Uchikake-cuchi-coo.

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Have you ever come across something that you knew you were never going to use or wear, but for one reason or another had to have anyways? Yeah, that’s how I ended up with Japanese wedding attire.

Uchikake are technically any sort of ceremonial decorated over-kimono (not to be confused with things like haori or michiyuki, which are everyday outerwear). They were commonplace with the upperclass as well as high-class courtesans up until the Edo era, and started losing popularity from then on. At this point, they are pretty much exclusively worn by a bride on her wedding day, over top of a full trailing furisode and obi ensemble. They can be white, as mine is, or brightly coloured with celebratory motifs. Their primary characteristics are the heavy, padded hem and long length (as they are meant to be worn trailing) and often a front decorated with knots or other ornamentation. They are worn over the kimono and obi, and so are not overlapped or folded at the waist. This allows for much more elaborate decorations.

I have no plans to get married any time in the remotely near future, and even if I did I would not wear this piece. I may consider wearing a dressy kimono for the reception, or part of it, but this is too ornate for my tastes, and too “thematic” for any sort of ceremony I’d feel comfortable with.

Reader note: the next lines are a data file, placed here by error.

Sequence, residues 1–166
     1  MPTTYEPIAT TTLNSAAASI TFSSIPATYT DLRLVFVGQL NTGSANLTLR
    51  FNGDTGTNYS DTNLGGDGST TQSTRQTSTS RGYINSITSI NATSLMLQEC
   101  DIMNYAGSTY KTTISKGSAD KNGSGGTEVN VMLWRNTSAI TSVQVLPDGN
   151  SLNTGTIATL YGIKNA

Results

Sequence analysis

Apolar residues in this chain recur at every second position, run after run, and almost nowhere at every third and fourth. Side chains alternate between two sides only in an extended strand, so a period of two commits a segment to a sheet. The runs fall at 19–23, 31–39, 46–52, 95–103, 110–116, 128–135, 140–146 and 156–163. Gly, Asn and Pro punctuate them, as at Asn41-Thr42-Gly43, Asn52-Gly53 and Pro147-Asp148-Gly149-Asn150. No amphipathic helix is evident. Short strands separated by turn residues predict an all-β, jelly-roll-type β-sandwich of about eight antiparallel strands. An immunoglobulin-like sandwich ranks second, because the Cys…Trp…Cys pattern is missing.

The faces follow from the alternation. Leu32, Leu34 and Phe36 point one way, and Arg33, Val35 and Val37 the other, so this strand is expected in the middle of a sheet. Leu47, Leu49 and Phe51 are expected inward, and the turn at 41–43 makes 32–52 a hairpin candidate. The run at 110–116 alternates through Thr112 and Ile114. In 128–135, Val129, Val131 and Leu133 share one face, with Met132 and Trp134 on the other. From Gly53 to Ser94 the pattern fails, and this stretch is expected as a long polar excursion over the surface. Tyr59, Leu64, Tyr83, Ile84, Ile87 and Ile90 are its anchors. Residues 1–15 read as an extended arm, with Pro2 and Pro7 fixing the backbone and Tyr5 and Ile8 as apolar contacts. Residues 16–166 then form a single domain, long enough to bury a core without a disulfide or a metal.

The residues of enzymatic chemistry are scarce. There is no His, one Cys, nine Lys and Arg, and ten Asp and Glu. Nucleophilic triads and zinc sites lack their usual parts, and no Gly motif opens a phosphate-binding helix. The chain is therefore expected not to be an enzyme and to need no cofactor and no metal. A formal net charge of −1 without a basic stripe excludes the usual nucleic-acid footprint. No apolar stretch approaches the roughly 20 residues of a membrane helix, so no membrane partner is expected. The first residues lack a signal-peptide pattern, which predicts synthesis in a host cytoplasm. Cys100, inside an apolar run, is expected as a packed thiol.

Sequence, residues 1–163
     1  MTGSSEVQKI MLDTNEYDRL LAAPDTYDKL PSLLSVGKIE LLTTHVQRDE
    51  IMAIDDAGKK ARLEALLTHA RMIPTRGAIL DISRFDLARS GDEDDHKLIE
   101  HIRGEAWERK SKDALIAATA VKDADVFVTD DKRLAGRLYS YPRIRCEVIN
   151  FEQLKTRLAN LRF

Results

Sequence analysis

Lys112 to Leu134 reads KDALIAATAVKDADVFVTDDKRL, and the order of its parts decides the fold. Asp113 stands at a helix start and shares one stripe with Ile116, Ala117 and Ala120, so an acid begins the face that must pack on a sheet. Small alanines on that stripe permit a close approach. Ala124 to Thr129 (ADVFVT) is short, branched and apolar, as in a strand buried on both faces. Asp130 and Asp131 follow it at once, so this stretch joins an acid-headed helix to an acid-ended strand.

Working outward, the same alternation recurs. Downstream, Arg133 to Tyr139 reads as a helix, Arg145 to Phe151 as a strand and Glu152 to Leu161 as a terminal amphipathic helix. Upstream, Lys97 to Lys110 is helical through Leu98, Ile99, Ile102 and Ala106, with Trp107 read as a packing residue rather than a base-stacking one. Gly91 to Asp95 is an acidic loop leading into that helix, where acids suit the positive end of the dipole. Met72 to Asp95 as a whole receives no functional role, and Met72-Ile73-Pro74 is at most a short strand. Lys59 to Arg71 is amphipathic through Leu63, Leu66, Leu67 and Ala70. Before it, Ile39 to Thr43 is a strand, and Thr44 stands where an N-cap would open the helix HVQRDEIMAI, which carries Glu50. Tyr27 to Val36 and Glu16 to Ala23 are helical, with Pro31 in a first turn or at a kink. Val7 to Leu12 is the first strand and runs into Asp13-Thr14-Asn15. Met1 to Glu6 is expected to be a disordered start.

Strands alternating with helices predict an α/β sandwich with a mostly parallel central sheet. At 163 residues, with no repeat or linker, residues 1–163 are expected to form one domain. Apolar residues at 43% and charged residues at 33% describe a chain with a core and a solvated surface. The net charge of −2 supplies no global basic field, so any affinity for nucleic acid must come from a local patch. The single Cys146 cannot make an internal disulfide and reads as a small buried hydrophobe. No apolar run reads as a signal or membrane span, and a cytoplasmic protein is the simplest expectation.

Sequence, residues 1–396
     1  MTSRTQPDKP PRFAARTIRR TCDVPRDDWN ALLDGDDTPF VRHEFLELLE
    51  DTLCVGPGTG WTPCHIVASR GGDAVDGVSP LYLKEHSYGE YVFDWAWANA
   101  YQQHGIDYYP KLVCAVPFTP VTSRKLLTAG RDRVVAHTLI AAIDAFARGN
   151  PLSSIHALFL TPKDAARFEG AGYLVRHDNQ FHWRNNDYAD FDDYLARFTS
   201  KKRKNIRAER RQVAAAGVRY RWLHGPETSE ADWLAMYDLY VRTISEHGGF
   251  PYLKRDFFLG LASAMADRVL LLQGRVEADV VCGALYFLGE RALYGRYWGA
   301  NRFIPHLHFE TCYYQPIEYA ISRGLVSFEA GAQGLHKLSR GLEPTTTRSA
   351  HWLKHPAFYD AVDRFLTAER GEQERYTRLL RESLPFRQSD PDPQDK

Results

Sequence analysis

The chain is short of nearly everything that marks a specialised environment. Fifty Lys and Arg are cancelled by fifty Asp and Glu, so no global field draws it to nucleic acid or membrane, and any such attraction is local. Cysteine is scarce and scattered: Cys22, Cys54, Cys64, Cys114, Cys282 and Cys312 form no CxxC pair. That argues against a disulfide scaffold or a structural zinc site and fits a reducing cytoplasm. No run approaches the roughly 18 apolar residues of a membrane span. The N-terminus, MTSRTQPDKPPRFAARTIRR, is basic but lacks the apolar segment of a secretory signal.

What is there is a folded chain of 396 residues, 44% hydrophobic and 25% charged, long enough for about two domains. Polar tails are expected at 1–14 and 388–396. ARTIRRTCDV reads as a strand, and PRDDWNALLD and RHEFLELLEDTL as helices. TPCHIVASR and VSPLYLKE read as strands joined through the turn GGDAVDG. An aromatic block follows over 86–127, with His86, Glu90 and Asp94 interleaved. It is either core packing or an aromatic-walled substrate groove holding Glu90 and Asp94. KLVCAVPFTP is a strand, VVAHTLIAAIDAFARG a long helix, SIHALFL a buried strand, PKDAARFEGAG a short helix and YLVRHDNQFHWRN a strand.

However, when I was working in the computer lab at a college several years back, one of the professors overheard me discussing my collection, and told me his wife had purchased a kimono as a decoration while they were vacationing there in the 80s, and had tired of it. It was currently living in a garbage bag in their closet, and would I be interested in seeing/buying it?

I said yes, expecting it to be some sort of tourist trappery with hideous embroidery. Imagine my shock when he pulled this poor baby out of the bag!

I offered him a price that to this day I still feel guilty for. If I’d purchased this online, the money I gave him would just about have covered the shipping costs, and nothing else.

This is a modern piece, I’d guess 1970s or later, but it’s still lovely.

The base is a pattern of peacocks and art-nouveau style flourishes, which is a refreshing departure from the typical crane motif.

The peacocks themselves are rather smug-looking, which always makes me chuckle.

It also has some beautiful knotwork at the wrists, and a lovely false-layered effect that evokes the twelve-layered Juunihitoe of Heian court outfits.

Maybe one day I’ll do a courtesan-inspired photoshoot or something and get a chance to drag this beast onto my shoulders again, but for now I am content to simply admire it.